5 reasons to travel India by motorcycle
A trip to one of Earth's most ancient civilisations
Coronavirus has given many of us time to reflect and a sense of wanderlust. Those who have been furloughed or are now working from home have been spending more time alone and online than ever. Flying is now inherently dangerous and certain countries are off limits with ever-changing quarantine rules.
There has never been a better time to start planning that dream motorcycle trip. Sure Route 66 is accessible, everyone speaks English and you can fatten yourself up on junk food. The coastal highways of Northern Scotland are just up the road, doable without even boarding a plane.
But what about the hidden gem of motorcycling?
Not for the faint of heart, armchair travellers will need to plan not only a trip but the mind-set needed for such a journey. Some people find India to be the world’s greatest culture shock but those that push through it will be rewarded with the most memorable and intense experience of their entire life.
So, why should you take to the roads of India?
Are you an introvert? If so, prepare to have your world shaken. As a foreigner in India you will be a delight to the many people you meet. Prepare to have your photo taken constantly in people’s selfies as they proudly hand you their child to hold.
The locals will be fascinated by your journey and life back home. If you are lucky enough to make a friend and be invited for a meal you will no doubt experience the best hospitality of your entire life.
You can spend years travelling India as many weather-worn hippies do. You will most likely never eat a bad meal even during the longest of trips.
Expand your waistline with kulcha in Amritsar, a buttered flat bread stuffed with paneer, potatoes, onions and spices. Or eat thali in the ancient city of Varanasi, an unlimited meal of rice, flatbread and selection of curries and dahl for the mouth-watering price of 30 pence.
Wherever you are in the world’s most diverse country, you will almost always find chai, a sweet and spicy tea that you will learn to love in the blistering heat and biting cold.
An old Indian proverb states that "every two miles the water changes, every four miles the speech". 780 languages are spoken in India and you will find new culture and sights every few miles. This country of extremes feels like infinity squeezed into one.
As you ride around the cities you will learn quickly that traffic has no rules, the beeping never stops and you don’t look out for vehicles but rather gaps that you can pass through.
Most auto-rickshaw drivers are Hindu and will hang Hanuman (the monkey God) from their central mirror as they believe he will clear the path ahead for them. There are thousands on the road that believe this!
Sleeping cows become impromptu roundabouts and every other animal imaginable including humans can become a potential hazard. Make sure your bike has good suspension as the roads are laden with potholes.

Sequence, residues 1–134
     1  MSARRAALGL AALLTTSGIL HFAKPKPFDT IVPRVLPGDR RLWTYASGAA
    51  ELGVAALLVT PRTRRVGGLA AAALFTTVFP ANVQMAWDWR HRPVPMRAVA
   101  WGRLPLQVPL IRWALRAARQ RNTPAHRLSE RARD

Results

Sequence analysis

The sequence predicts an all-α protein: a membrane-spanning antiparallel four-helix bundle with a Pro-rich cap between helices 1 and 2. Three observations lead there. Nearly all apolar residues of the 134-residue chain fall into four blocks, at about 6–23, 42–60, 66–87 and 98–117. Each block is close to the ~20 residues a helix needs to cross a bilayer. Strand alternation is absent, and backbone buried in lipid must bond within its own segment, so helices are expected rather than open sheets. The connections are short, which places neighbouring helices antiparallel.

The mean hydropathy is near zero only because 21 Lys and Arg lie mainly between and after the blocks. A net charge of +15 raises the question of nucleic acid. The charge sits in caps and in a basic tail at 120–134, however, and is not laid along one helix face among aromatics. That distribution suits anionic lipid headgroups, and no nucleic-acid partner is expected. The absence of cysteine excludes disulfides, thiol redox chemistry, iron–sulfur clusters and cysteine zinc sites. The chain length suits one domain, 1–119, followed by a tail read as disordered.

If you see something that interests you, dismount and check it out. In India there is a photo opportunity just behind you at every moment.
The far north of India boasts the striking mountain roads of Ladakh. The lush plains and baron mountains showcase an India that you probably didn’t know existed. The roads are quieter here but keep an eye out for crazy truck drivers and narrow roads to pass on with sheer drops without a fence in sight.
A huge draw of a motorcycling adventure in India for many is to get out there and rent or purchase an authentic Indian-built Royal Enfield. Officially the world’s oldest motorcycle company that still manufactures to this day. In these modern times traditions are still upheld. The pinstripes on their fuel tanks are still hand painted. The top of some tanks houses the world’s coolest slogan: “made like a gun”.
If you are a Royal Enfield devotee you can take your worship to the next level by visiting Om Banna near Jodhpur. This shrine amasses hundreds of followers per day and is literally a Royal Enfield Bullet, only in India.
In 1991 a man called Om Banna was riding his Bullet. He lost control, hit a tree and died instantly. Local police took the motorcycle to the station as evidence but the following day it had mysteriously reappeared at the crash site. This happened numerous times until the locals deemed that it must simply be a miracle.
If you are having troubles on your journey pay a visit to this holy site as it is said that Om Banna’s spirit helps distressed travellers.
In India these beautiful bikes are often referred to as the Rolls Royce of motorcycles, but you don’t have to pay Rolls Royce prices. You can pick up an Enfield much cheaper in India and many people ship them home after their trip. A memento that you can keep riding back in Old Blighty, leaving the prayer flags on the handlebars is optional.
But if the classic looking Royal Enfield isn’t your style KTM also have a factory in Maharashtra. Riding around India’s dusty roads on a shiny new Duke seems like a strange and brilliant idea.
Many people who return from India experience what is known as reverse culture shock. India is so populated and houses so many religions, iconography, smells, animals and indigenous peoples that when you return back to the UK and return to a commute on a grey and gridlocked motorway you will wonder why you ever returned.
Just because you have left India does not mean it will leave you. The memories will last a lifetime and the likelihood of you returning is high as this is a country so vast and interesting that you couldn’t say you had travelled its breadth even if you gave it an entire lifetime.